17-19 February 2015
Rydges Lakeland Resort
Queenstown
New Zealand


Invited Speaker - Mehran Sarkarati

How to Plug-in Your Rover into a Space Mission to Moon or Mars

Mehran Sarkarati
Head Application and Special Projects Section
ESA – European Space Agency
ESOC / HSO-GDA
Robert-Bosch-Str. 5
64293 Darmstadt, Germany
Email: Mehran.Sarkarati@esa.int

 

Synopsis

The presentation will elaborate on the concept of standardised Telerobotic Services and their role in collaborative Robotic operation scenarios. It will discuss the advantages and the challenges involved in abstracting from proprietary hardware and software interfaces of diverse Robotic systems. The importance of specifying the subject services in an implementation and communication agnostic manner for achieving interoperability without enforcing a particular technology will be highlighted. The example of the METERON Robotic Services will be used to put these concepts in the context of future human-robotic space mission scenarios. For this purpose, the presentation will provide an overview of the work, performed in this area by the European Space Agency, in the context of the METERON project, its current status and some lessons learnt.
The METERON Robotic Services have been successfully validated as part of the METERON OPSCOM-2 experiment in August 2014, during which an ESA astronaut monitored and controlled from the International Space Station (ISS) a car-size rover on the ground via the Delay Tolerant Network (DTN), while the same service interfaces were used on the ground via a different communication protocol to perform distributed monitoring of the activities. The presentation will conclude with reference to the on-going activities at multi-agency level in the frame of the Telerobotics working group of the Consultative Committee for Space Data Systems (CCSDS).

Speaker Biography

Dr. Mehran Sarkarati is Head of Application and Special Projects section at the Ground System Engineering department of the European Space Agency, ESA. Mehran has studied at Berlin University of Technology (TU-Berlin) and Arizona State University (ASU) in the context of a student exchange programme. He has graduated with a M.Sc. and a subsequent Ph.D degree in the field of Aerospace Engineering and a second M.Sc. degree in Computing Sciences from TU-Berlin. He started his carrier at the European Space Agency, ESA, in 2004 at the European Space Technology and Research Centre in the Netherlands, moving in 2007 to European Space Operations Centre ESOC. During the last ten years, Mehran has worked at ESA on different subjects, including science planning for planetary missions, simulations, monitoring and control systems for satellite and Robotics. Before joining ESA, he has worked on satellite attitude control systems and development of ground data systems at the German Aerospace Agency (DLR), Computer-Aided Design and assembly of jet engines at BMW Rolls-Royce AeroEngines and simulation of aircraft subsystem for Airbus A380 aircraft. Mehran has an interest in introducing modern software and system engineering paradigms to the ground systems domain of space missions. He has led a number of related industrial activities in the areas of agile software development, service oriented architectures and cloud computing in the past years. He is also active in the standardisation domain, as a member of the Telerobotics and Spacecraft Monitoring and Control working groups of the Consultative Committee for Space Data Systems and the co-chair of the ESA agile software development working group. Since 2010, Mehran has led in his role as the Data System Manager of the METERON project, the development of software systems for system level monitoring and control of METERON Robotic experiments, which is the context of his talk at ICARA.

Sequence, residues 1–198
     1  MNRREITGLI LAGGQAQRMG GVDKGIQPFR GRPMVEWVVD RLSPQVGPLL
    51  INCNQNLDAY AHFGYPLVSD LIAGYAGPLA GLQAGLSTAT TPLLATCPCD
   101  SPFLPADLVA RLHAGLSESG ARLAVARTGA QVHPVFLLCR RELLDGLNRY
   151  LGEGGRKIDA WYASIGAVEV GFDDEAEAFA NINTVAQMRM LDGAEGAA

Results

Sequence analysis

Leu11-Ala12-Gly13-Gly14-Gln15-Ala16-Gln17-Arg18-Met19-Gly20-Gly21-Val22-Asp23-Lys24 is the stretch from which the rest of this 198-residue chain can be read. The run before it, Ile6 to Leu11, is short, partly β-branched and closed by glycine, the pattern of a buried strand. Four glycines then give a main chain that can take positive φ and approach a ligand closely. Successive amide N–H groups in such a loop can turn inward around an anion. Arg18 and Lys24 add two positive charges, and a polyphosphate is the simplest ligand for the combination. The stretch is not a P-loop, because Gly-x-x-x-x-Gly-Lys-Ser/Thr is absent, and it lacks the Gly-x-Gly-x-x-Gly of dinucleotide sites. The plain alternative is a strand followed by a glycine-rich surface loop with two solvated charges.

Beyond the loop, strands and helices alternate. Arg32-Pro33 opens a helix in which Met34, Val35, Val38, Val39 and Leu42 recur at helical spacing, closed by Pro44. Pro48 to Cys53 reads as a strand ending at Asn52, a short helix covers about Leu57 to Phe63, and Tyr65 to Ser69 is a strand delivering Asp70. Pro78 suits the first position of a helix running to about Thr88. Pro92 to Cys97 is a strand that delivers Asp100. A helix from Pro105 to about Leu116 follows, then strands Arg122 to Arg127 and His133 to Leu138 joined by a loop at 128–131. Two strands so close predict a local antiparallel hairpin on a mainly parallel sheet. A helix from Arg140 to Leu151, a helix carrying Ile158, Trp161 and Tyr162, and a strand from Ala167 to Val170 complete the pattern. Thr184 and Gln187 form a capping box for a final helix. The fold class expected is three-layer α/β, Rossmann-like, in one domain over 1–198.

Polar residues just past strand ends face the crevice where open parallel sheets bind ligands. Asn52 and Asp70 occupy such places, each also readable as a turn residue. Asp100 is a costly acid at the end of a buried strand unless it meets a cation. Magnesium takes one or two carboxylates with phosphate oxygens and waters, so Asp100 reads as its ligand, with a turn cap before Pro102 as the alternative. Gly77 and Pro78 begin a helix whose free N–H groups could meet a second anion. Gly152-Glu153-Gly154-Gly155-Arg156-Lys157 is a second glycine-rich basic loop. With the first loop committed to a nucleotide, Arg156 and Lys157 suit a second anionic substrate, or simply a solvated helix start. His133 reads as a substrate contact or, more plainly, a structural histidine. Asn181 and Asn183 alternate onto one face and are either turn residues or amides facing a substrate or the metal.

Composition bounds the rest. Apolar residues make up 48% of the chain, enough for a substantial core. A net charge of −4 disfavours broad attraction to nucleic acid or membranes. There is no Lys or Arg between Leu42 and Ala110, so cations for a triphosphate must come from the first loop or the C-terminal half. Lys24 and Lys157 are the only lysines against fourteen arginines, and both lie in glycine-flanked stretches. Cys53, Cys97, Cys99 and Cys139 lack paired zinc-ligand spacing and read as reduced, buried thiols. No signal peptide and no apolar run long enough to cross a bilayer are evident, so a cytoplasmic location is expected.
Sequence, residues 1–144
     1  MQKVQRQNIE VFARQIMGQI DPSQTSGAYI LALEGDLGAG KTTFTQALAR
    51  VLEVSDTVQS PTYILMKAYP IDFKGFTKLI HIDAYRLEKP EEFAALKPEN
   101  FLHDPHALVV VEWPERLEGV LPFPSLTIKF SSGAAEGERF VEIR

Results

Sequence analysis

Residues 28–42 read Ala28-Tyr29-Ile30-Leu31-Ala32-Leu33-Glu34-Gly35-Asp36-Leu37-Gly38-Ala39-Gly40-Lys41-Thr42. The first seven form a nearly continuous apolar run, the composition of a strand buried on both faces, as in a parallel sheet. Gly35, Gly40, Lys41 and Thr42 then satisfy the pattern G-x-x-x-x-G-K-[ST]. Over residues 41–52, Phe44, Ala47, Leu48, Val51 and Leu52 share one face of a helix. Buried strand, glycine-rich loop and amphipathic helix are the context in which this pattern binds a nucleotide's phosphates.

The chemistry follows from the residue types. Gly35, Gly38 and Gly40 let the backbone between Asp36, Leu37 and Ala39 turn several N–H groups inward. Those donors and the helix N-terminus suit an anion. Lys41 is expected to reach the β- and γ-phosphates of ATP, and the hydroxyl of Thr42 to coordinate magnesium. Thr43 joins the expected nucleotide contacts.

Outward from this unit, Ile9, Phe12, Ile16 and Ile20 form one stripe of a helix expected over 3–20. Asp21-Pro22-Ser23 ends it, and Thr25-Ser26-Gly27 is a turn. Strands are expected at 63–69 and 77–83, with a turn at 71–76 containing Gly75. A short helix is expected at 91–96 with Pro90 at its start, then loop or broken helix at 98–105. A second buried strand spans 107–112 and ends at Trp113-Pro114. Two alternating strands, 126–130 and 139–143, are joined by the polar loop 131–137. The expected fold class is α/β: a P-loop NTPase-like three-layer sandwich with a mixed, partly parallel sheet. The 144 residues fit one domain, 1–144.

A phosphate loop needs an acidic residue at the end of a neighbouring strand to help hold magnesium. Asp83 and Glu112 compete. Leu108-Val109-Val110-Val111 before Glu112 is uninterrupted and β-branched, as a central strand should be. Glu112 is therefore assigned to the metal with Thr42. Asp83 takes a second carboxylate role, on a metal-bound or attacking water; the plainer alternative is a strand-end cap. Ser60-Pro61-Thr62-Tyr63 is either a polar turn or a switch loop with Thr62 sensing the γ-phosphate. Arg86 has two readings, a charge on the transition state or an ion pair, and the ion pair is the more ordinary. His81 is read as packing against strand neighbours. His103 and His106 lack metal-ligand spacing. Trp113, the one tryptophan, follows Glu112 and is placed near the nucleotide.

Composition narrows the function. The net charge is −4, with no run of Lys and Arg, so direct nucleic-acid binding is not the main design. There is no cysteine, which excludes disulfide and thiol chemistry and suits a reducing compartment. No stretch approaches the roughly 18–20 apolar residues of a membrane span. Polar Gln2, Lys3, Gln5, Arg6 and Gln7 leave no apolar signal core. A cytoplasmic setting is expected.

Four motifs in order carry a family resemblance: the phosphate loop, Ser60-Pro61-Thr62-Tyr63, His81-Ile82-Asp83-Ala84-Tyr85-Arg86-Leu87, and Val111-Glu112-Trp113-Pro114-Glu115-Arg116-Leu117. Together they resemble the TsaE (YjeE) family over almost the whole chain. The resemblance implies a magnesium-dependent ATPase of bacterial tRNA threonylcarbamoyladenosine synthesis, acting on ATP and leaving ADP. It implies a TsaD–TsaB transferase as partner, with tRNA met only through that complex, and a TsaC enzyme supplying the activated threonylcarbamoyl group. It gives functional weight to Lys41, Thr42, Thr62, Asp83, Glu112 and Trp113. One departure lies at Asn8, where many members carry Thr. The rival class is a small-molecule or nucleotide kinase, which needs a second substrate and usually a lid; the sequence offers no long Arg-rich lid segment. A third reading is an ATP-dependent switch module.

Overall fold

Organised and Sponsored by

Technical Co-Sponsors

School of Engineering and Advanced Technology, Massey University

School of Engineering and Advanced Technology, Massey University

Technical Committee on Robotics and Automation

Technical Committee on Robotics and Automation

IEEE NZ Central Section

IEEE NZ Central Section

New Zealand Robotics,
Automation and
Sensing (NZRAS)
(http://nzras.org.nz/)